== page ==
Temperatures in Utah Valley are slowly rising and that means more kids outside playing. Yesterday, I wrote about the importance being able to play in the streets. But equally important is the ability of children to safely navigate their neighborhoods.
Among many experts, one way to determine if a neighborhood is safe for children — and effective for everyone else — is to use the Popsicle Test:
If an 8-year-old kid can safely go somewhere to buy a popsicle, and get back home before it melts, chances are it’s a neighborhood that works.
That quote comes from an article by Kaid Benfield in which he also explains the “Halloween Test”: compact neighborhoods that are good for trick-or-treating are also likely to be well-designed.
Benfield also quotes from Scott Doyon’s post on PlaceShakers and NewsMakers to explain the importance of an environment that children can navigate.
[…] for a child, having increasing opportunities to navigate the world around them, explore, invent, fall down, scrape knees, make decisions, screw up, get into — and solve — conflicts and, ultimately, achieve a sense of personal identity and self-sufficiency is a good thing.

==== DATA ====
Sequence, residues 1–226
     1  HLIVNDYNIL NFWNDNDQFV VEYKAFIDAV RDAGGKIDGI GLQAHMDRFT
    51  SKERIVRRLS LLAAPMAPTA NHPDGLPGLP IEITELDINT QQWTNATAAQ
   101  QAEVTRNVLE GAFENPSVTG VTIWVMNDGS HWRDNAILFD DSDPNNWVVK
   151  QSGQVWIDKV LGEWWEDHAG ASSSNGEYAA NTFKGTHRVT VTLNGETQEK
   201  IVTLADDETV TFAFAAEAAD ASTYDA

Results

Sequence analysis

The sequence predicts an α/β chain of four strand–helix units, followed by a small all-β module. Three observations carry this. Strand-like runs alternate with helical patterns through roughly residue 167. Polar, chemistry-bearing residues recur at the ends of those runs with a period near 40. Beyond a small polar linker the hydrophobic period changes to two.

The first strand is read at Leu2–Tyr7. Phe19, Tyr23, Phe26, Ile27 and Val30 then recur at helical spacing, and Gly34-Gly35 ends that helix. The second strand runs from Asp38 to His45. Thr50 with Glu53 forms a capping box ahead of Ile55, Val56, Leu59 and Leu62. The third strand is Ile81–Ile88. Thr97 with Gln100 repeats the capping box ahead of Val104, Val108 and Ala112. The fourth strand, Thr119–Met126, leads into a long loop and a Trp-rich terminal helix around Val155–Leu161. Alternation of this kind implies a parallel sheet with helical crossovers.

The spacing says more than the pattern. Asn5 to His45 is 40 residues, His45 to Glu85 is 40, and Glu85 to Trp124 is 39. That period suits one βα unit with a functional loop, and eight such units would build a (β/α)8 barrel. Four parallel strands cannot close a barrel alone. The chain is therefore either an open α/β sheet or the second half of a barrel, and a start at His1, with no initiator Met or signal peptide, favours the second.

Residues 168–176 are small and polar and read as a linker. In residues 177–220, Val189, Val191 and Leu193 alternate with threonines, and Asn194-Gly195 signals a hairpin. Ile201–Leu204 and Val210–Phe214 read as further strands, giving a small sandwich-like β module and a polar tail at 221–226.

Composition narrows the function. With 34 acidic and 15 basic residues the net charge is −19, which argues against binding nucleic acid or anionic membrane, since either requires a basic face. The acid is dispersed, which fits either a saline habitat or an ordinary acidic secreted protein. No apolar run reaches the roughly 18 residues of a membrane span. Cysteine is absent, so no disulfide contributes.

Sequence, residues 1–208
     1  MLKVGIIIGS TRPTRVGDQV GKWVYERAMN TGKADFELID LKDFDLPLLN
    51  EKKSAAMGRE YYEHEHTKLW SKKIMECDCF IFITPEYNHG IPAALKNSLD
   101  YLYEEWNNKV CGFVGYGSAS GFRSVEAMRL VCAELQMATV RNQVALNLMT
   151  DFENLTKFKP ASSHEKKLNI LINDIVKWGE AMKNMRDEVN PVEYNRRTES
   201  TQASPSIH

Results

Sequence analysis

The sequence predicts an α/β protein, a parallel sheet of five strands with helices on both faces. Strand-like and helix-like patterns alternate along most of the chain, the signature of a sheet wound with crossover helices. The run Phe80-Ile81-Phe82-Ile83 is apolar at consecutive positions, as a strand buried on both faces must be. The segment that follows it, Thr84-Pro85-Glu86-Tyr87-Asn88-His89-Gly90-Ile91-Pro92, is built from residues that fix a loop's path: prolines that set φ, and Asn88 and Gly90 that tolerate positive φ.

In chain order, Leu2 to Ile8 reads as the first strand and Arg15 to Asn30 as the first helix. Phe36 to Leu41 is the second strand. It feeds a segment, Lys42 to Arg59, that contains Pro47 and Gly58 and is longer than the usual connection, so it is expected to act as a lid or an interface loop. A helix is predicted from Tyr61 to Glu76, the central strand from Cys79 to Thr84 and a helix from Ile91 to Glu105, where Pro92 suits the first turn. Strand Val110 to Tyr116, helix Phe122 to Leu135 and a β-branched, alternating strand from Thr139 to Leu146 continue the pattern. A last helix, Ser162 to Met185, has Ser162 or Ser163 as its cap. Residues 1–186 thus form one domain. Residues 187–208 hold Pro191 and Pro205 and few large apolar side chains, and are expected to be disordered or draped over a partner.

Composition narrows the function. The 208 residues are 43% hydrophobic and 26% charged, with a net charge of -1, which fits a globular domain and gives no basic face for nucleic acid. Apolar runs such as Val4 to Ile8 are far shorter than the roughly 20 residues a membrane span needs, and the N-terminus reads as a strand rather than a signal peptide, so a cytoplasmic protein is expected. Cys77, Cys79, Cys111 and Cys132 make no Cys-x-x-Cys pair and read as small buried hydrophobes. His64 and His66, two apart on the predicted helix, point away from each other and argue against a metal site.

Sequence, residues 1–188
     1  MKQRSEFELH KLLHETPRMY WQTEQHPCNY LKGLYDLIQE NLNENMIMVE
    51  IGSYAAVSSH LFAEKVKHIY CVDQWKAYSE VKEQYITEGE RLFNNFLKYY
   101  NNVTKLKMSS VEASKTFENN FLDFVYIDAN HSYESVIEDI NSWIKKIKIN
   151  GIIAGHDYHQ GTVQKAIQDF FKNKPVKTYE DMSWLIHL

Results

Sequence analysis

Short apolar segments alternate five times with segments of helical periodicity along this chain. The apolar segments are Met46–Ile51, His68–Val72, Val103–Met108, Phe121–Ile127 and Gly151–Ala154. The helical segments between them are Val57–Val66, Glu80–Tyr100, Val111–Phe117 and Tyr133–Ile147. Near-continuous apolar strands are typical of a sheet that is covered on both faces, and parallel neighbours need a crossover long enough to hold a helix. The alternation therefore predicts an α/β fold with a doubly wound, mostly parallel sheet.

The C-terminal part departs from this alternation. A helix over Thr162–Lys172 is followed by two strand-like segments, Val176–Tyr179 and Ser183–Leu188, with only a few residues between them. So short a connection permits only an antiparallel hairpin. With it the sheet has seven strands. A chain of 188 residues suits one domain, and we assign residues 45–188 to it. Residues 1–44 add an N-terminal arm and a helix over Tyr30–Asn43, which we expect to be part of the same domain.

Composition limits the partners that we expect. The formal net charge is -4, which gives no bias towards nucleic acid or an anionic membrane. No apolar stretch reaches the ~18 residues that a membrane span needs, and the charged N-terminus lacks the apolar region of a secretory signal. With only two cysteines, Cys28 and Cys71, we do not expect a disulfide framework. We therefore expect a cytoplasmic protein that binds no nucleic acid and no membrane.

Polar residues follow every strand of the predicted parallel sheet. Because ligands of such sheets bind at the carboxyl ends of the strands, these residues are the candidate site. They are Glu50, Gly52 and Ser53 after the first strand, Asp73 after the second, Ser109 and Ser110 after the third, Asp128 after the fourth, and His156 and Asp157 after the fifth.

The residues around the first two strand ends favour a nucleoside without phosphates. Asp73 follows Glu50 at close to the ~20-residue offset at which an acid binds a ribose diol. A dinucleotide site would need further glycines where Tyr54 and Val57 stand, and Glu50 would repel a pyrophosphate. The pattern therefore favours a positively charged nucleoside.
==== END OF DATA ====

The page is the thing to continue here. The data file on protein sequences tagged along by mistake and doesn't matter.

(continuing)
That’s very similar to Sarah Goodyear’s argument in favor of playing in the streets.
But this isn’t just about safety and learning opportunities. It’s also about health. Today, Next American City explained that when children live near places to play they end up being healthier:
[…] children living with[in] half a mile of a park or playground are about five times more likely to have a healthy weight.
Unfortunately, the article notes, fewer and fewer kids live near playgrounds.
Worse still, in Provo very few kids live in neighborhoods that pass the Popsicle Test. Even my own neighborhood — one of the most walkable in the entire county — lacks a place for young kids to buy a popsicle. The logical extension of that argument, of course, is that it also lacks a number of basic amenities as well.